SMTA International Conference Proceedings


Authors: Michael Roesch and Joerg Franke
Company: Institute FAPS, University of Erlangen-Nuremberg
Date Published: 10/4/2009   Conference: SMTA International

Abstract: Solder paste stencil printing takes up a central position in electronics production. Nearly two-thirds of all process defects originate in the stencil printing process. The continuous increase of requirements in particular, but also the resulting sensitivity for failures of the printing process call for permanent optimization. The complexity of the process results from a great variety of influencing variables and interactions. Two of the most important ones are solder paste and printing stencil.

The results of extensive printing experiments with different stencil technologies and solder pastes are presented within this article. The stencil variation concerns base materials like stainless steel and nickel as well as manufacturing technologies like laser cutting and electroforming. Alternative stencil finishing options like mechanical brushing, electrochemical polishing and a novel and innovative nano coating technology supplement the investigated variations. Furthermore alternative solder pastes with different powder sizes and tackinesses were used within the studies.

This paper will discuss correlations of significant stencil respectively solder paste properties with transfer efficiency. The transfer efficiency, which describes the release behavior of the solder paste, is of particular importance and depends exceedingly on the area ratio of the stencil aperture. The stencil design for robust printing processes demands the definition of the area ratio in consideration of the combination of stencil and solder paste used. Based on the research results stencil design guidelines for robust printing processes can be modified and extended. The recommendations complement the IPC-7525A guidelines and include stencil and paste specific definitions of the stencil design, particularly of the area ratio of the stencil apertures.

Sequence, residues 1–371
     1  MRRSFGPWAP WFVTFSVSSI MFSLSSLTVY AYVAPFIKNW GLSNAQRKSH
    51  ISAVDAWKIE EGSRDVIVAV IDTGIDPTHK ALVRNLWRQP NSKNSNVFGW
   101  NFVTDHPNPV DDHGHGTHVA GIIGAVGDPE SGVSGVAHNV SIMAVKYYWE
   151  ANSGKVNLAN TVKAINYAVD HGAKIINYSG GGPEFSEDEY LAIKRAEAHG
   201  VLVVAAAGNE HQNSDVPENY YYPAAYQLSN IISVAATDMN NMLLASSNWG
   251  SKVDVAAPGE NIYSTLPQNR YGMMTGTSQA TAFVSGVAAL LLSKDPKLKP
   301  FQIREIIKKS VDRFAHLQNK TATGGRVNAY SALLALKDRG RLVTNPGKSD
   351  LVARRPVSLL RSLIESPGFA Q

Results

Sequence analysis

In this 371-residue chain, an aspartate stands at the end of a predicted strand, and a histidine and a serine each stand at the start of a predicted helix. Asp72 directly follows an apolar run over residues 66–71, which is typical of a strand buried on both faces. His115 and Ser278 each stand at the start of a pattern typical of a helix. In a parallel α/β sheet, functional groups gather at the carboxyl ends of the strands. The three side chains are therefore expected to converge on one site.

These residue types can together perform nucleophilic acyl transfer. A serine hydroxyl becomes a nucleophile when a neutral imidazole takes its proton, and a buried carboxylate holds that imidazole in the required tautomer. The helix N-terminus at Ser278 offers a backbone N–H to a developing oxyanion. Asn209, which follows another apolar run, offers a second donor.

Furthermore the article demonstrates properties and potentials of coated stencils. The coating that covers aperture walls and bottom side leads to a decrease in the adhesion between solder paste and stencil aperture. Consequently the transfer efficiency increases when using coated stencils. Considering the stencil design, the area ratio can be reduced up to a value of approximately 0.4. Thus the development of coated stencils contributes extensively to a robust printing process and a continuous miniaturization.

Key words: Stencil Printing, Transfer Efficiency, Area Ratio.

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